Presumption of innocence, not blanket bans, the correct approach to suspected wrong-doers


The presumption of innocence is on display in the arrest and pending trial of Logan City Mayor Luke Smith on charges of corruption. This is the correct approach to dealing with corruption of elected officials. It contrasts with the presumption of guilt approach adopted by the CCC in its Belcarra recommendations, and then extended by the state government which bans property donors from full participation in the political process because there is a “public perception” developers are corrupt. If the police and CCC are operating effectively any corruption will be subject to the proper legal process while innocent people will not be tainted by the suspected guilt of others just because they are in the same industry.


  • Operation Belcarra found no instances of property developers giving donations in return for favours. Its only recommendation for prosecution was against the CFMEU candidate for Gold Coast Mayor, Penny Toland, for failure to disclose donations from the union.
  • Since Operation Belcarra reported, continuing  investigations have led to charges being laid against two mayors – Cr Paul Pisasale from Ipswich and now Cr Luke Smith from Logan. Both men claim to be innocent.
  • It is not clear to what extent the charges involve donors to either mayor, and how many of the co-accused may be property developers.
  • The Australian Institute for Progress supports the identification and prosecution of people involved in corruption and appropriate punishment if they are convicted.
  • Over the course of the last parliament complaints were made against a number of councillors, including in documents tabled in parliament by the former Independent member for Cairns, Rob Pyne. None of the complaints was upheld by the Crime and Corruption Commission.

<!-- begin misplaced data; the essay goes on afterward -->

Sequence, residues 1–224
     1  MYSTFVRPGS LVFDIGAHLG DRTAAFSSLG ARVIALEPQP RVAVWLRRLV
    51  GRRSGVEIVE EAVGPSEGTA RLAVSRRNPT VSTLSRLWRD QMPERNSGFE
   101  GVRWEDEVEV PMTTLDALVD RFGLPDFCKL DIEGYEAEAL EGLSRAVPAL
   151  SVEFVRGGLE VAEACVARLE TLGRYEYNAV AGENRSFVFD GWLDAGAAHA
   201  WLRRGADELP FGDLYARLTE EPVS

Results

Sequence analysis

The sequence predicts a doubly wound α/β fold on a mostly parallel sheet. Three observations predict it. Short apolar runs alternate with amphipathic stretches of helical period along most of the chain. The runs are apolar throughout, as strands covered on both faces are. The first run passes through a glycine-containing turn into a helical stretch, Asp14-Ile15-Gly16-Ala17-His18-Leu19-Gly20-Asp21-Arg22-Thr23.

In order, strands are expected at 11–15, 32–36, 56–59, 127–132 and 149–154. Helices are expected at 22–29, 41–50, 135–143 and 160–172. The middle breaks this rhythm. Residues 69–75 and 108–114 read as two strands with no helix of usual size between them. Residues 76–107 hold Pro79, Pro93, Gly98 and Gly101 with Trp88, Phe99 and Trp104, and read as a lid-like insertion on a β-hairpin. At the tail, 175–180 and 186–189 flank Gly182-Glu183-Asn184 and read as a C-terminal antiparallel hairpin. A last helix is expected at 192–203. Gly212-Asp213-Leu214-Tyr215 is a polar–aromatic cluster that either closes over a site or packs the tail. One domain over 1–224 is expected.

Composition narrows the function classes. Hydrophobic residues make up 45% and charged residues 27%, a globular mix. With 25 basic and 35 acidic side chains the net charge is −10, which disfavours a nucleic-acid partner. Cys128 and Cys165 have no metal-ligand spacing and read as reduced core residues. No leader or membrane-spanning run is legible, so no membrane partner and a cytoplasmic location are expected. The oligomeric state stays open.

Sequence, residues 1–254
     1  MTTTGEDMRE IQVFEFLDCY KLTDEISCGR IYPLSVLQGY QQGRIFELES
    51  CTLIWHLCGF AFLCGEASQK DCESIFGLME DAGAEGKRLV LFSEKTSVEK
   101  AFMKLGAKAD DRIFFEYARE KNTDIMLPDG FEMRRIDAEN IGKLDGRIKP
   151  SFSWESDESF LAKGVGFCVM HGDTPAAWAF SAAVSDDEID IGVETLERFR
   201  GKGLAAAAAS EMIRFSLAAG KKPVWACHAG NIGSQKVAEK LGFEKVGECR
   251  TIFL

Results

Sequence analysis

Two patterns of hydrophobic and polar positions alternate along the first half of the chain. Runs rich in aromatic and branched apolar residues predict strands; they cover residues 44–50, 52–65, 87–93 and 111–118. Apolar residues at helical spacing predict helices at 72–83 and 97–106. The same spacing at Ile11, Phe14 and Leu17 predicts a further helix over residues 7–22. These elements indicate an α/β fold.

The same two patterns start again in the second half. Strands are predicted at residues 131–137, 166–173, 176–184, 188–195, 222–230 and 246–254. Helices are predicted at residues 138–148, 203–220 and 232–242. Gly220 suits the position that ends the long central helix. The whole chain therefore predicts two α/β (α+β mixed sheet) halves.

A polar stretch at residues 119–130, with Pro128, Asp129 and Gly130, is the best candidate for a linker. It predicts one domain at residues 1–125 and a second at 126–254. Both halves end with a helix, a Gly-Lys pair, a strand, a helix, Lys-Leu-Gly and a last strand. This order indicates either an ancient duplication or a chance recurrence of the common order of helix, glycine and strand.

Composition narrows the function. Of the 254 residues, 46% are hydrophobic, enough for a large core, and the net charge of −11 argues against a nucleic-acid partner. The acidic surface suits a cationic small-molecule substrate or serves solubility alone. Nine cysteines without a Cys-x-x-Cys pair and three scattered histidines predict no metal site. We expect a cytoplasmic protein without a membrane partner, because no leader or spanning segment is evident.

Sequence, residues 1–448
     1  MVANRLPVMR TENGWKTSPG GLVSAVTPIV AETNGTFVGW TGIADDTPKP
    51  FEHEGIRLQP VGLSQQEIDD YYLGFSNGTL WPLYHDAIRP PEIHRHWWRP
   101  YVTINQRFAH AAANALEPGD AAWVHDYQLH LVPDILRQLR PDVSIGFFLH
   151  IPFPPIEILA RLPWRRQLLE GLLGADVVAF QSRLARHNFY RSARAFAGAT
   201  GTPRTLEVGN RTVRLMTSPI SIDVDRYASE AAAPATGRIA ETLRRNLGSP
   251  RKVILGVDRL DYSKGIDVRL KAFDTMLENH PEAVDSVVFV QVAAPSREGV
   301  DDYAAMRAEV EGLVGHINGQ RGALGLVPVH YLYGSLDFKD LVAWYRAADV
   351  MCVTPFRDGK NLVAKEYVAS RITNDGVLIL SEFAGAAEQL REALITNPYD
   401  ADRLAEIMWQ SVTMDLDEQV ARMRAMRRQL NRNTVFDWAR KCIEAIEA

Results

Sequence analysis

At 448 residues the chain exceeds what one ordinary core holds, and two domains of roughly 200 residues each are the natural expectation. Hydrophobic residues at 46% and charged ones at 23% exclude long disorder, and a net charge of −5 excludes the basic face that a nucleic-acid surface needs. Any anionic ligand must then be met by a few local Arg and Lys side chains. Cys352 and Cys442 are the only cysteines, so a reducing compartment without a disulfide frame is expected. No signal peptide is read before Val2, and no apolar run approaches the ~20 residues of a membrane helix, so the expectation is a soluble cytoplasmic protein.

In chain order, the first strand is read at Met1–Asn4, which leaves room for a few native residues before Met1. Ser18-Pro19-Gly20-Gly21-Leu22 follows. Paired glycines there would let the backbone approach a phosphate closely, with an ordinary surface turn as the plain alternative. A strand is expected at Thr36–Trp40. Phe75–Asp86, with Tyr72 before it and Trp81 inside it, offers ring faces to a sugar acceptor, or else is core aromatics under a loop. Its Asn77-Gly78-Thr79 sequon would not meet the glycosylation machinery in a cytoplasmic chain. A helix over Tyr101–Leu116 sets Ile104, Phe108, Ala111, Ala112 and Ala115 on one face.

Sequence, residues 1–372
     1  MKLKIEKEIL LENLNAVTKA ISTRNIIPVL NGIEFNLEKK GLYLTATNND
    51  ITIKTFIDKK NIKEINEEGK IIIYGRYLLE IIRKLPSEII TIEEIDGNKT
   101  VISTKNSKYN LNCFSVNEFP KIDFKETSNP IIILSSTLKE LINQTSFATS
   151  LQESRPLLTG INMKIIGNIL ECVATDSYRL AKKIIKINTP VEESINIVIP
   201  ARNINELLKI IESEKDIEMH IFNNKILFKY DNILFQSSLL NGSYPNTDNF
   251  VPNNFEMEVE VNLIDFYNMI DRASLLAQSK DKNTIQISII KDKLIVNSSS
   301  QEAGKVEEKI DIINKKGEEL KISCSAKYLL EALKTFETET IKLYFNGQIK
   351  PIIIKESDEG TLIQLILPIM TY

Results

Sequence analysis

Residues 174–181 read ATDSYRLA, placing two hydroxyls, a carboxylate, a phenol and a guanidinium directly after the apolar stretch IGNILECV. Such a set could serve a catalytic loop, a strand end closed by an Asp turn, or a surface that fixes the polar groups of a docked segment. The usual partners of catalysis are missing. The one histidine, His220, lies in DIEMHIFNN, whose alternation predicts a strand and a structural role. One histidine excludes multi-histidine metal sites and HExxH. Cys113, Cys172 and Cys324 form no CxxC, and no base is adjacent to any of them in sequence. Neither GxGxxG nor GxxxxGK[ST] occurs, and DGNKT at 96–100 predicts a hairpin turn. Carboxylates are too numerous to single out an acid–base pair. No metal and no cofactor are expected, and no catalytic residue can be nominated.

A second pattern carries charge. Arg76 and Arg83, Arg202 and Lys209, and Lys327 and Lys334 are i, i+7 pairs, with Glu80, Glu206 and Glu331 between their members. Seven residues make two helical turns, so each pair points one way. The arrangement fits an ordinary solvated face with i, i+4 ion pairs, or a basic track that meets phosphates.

• Prosecution of these two mayors, which occurs under the current regime where property developers can donate, indicates that wrongdoing can be brought to account, without compromising the political rights of third parties.
  • The charges, and the results, will shed light on how corruption occurs in local government, and should be used to inform any changes to donation laws.


“When corrupt conduct is identified, it should be prosecuted with the full force of the law. That is justice.

“It shouldn’t matter what industry corrupt actors come from, and other parties in the industry should not be punished merely for being in the same industry. That is injustice.

“The CCC action shows that the proposed property developer donation ban is unnecessary. The cases will demonstrate how a proper political system, subject to the rule of law, should operate in these situations.”